A few weeks back, this here blog gave Councilman Kozachik some grief for what amounted to thinking out loud about the possibility of skipping Tucson’s 2013 election so the city could save money and to spare voters from “election fatigue.” Of course, it turned out that this was never a real proposal, as the councilman was quick to point out once folks started to take it seriously.
State Senator Michelle Reagan (R-Scottsdale) is similarly concerned about the expense and trouble of having elections, and her misguided proposal is only a little less disturbing than the councilman’s. Unlike the councilman, however, she is absolutely serious.
A two week delay in vote counting arising from Maricopa County’s inability to deal with the large number of mail-in ballots during the 2012 election made headlines all over the country and was yet another national embarrassment for Arizona. While most of us would think that the solution has to do with staffing or technology at county elections departments, there are others, like Reagan, who believe that the real problem is that too many people are voting. She has proposed cutting down these numbers by making it a class 5 felony to turn in someone else’s mail-in ballot.
The Senator’s initial stated reason for her bill was to address the work load that all these mail-in ballots cause. But it quickly became clear that the bill was about something else. Invoking typical practiced Republican umbrage, she claimed that she was “shocked” that groups like Mi Familia Vota were taking “laundry basket[s] full of ballots” to polling places. She further played at being dumbfounded that the issue was so “divisive.” On this point, she was either insincere or has not been paying attention to the national debate over Republican-led efforts to limit voting across the country.
It is almost goes without saying that this is really about the results of the last election. Vote-by-mail ballots accounted for the margins of victory for 3 of the 5 Democrats Arizona sent to Congress. Absentee ballots famously saved Senator Barry Goldwater’s career in 1980, but those days are clearly over. Now that vote-by-mail ballots are an integral part of the Democrat’s increasingly effective get-out-the-vote machinery, they are considered a problem.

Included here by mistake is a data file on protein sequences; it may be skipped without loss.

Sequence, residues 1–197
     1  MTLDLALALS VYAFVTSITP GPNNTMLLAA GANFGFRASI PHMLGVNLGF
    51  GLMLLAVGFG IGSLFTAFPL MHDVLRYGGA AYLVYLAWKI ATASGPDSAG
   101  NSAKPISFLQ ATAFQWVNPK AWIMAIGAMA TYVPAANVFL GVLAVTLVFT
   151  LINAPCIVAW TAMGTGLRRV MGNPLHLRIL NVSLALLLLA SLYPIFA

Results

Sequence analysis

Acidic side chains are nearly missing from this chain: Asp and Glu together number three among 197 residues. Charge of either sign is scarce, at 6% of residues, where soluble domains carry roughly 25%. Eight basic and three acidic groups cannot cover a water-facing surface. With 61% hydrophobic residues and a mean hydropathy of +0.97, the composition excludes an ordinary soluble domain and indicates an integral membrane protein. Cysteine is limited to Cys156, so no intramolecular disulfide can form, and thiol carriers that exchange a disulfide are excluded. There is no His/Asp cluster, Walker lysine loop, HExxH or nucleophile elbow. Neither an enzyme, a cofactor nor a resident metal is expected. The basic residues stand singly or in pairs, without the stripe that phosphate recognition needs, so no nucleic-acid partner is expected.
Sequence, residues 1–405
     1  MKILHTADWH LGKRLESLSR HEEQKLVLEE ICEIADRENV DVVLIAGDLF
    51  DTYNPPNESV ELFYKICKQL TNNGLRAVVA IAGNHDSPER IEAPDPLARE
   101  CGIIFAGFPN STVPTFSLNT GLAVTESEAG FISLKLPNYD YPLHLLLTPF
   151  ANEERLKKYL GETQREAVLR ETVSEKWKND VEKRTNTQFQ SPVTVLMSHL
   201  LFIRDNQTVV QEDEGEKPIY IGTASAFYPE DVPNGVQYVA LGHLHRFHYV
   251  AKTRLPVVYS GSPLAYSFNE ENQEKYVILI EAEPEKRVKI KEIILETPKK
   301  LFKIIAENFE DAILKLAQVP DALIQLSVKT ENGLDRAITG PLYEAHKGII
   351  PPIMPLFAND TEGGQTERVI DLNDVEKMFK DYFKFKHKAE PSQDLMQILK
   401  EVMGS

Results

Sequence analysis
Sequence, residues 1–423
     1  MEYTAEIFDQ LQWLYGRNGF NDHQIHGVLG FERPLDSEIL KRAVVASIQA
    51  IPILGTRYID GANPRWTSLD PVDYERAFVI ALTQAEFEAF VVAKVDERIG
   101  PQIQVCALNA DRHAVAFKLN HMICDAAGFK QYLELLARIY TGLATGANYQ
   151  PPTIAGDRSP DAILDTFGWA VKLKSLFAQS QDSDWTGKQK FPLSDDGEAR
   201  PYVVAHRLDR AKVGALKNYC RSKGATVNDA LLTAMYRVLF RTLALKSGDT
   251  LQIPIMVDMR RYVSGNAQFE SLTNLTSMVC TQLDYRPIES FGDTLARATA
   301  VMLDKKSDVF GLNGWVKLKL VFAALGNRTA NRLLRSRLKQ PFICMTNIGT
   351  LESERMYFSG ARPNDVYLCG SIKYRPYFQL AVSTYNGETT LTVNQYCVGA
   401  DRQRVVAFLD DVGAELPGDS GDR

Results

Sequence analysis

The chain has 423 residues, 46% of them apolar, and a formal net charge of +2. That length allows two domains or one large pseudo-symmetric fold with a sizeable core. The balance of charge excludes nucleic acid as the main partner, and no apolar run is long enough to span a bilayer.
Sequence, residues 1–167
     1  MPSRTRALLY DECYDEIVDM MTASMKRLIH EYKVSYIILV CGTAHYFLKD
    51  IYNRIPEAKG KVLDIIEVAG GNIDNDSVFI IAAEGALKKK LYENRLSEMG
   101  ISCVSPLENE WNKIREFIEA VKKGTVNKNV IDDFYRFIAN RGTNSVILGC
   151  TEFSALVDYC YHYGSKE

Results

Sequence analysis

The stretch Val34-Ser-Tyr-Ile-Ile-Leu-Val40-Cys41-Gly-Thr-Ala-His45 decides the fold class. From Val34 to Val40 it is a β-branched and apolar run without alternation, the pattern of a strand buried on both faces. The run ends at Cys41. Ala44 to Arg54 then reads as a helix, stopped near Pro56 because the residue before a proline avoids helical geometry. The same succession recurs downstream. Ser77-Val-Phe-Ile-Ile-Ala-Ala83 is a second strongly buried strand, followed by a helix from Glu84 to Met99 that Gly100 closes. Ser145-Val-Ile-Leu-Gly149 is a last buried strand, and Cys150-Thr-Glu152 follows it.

Reagan’s proposal presents difficulties well beyond partisan considerations. Under this bill, staff or volunteers at a retirement community, for example, would be prohibited from collecting ballots from residents who cannot make it to the polling place themselves. Likewise, someone who works for a non-profit that assists disabled people would also be prevented from helping his or her clients. It would be difficult to call these “unintended consequences,” since limiting the ability of citizens to vote seems to be exactly what is intended.
Strangely enough, as Senator Steve Gallardo (D-Maryvale), the legislature’s leading expert on election issues, points out, Arizona state law allows a voter to bring any individual, not just a relative or someone who shares a residence, into the polling booth to assist in completing the ballot. It would seem that there is really little functional difference between this and handing your mail-in ballot to your neighbor to the polling place.
Nonetheless, though the bill goes way too far, there is a real possibility for fraud and abuse in the vote-by-mail system. Senate Democrats are working on amendments to narrow the bill to address these potential problems, by imposing a time limit on how long an individual can hold on to a ballot, for example. The degree to which Senator Reagan and the Republican majority entertain these fixes will be a test of their sincerity in this regard. Of course, these issues have largely not been part of the discussion, beyond Reagan’s free-floating outrage regarding the sanctity of the vote.
What has been part of the discussion is the fact that organizations like Mi Familia Vota have been far too effective in helping certain communities to vote, namely Mexican-Americans in low-income neighborhoods. The fact that this has been so central to the discussion so far tends to imply that this is largely about who has been voting, rather than concerns about process.
There was a similar effort to attack the vote-by-mail system in 2011. In that case, the sponsor, Senator Don Shooter (R-Yuma) was quite honest about the fact that his bill was about his annoyance that organized labor was turning out votes against him. However, it was shot down by the U.S. Justice Department as a violation of the Voting Rights Act. Given this precedent, there is no reason to think that this proposal would not meet a similar fate.